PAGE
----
I’ve known about Darkseid at least since he appeared on the cover of the first issue of DC Comics’ Super Powers in 1985. Since then, I’ve read dozens of comic books featuring the dark master of Apokolips and all the associated New Gods created by Jack Kirby. When the latest reboot of Superman comics introduced Lex Luthor’s Apokoliptian armor and use of a Mother Box, I realized that I’ve never really had a particularly clear grasp of Kirby’s whole DC mythology. I know who the characters are, I know about the strange melding of mysticism and technology, but I’ve never really felt like I fully understood what all the fuss and bother with these strange figures was all about. I decided to pick up a used copy of the first volume of Jack Kirby’s Fourth World Omnibus to start at the beginning and see if I could get a better understanding of the weirdness.
Is Odin’s role in Ragnarök purely fatalistic, as it has often been claimed? Karl E.H. Seigfried argues for a more hopeful interpretation of Norse myth that focuses on building a better world for our descendants.
A Note from the Editors Regarding Loki in the White House
December 2nd, 2018
Dear Readers of The Wild Hunt:
Since the publication of Loki in the White House, the column has been discussed at length across the Pagan internet. To say that its portrayal of Loki, and its comparison of Loki to Donald Trump, has been regarded as controversial would be an understatement. The Lokean community in particular has strongly criticized the column, with many feeling that it was tantamount to a call for Heathens to cut ties with Lokeans altogether. (A group of Lokeans sent a letter to The Wild Hunt calling for amendments or a retraction to the column; that letter can be read here.)
At The Wild Hunt, we are proud to have writers from many different backgrounds represented in our roster of regular columnists, including multiple writers of color, writers from outside the Anglosphere, and writers of queer identities – not to mention writers from many different approaches to Paganism. We see our commentary section as a place for these voices to have the freedom to analyze, critique, and debate issues of interest to Pagans in deep and challenging ways.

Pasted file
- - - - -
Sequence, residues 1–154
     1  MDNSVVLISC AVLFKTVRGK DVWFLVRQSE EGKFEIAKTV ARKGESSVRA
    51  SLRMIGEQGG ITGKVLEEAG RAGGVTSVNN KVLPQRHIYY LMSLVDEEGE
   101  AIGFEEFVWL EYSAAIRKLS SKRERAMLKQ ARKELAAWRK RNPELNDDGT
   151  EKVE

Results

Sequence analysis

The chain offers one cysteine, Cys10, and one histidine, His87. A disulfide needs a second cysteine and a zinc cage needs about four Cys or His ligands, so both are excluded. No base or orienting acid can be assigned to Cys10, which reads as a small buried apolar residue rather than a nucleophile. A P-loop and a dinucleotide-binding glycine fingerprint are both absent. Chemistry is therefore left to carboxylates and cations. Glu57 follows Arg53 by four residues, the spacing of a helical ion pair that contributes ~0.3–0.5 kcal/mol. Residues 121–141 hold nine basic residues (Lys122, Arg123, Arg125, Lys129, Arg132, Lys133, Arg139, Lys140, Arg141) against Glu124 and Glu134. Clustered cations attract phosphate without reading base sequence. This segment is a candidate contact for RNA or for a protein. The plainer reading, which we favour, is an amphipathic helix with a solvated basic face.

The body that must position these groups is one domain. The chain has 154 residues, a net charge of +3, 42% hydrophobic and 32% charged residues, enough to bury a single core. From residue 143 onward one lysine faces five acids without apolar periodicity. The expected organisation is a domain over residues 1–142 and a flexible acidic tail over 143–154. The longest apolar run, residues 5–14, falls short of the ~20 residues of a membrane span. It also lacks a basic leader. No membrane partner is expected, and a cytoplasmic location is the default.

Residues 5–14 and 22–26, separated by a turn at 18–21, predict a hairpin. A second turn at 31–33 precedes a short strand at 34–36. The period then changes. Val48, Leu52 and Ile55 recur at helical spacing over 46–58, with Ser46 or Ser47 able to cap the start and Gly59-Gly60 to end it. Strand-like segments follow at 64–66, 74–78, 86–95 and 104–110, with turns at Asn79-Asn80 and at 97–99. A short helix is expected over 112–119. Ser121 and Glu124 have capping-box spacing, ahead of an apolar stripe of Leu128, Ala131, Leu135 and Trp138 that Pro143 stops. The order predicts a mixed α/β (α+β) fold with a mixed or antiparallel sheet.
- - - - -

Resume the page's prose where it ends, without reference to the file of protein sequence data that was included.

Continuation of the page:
Back in 2013 and 2014, when I was getting ready to start gathering sources for my masters’ thesis in Old Norse Religion, I realized something: while the vast majority of medieval Norse-Icelandic sagas were readily accessible in Old Icelandic, quite a few of them were hard to get a hold of in translation. Sure, I could have soldiered on, armed with only my trusty Old Icelandic-English dictionary and go through every single saga in the original language, but it would have taken such a long time that, had I done so, I’d probably still be at it today. What I needed were more general editions and translations, with enough notes and index-entries to quickly find relevant information. When it came to the more popular sagas, such as the so-called “family-sagas” (Íslendingasögur), I had little problem finding good versions. In my excessive exhaustiveness, however, I found a severe lack of material related to the more obscure sagas.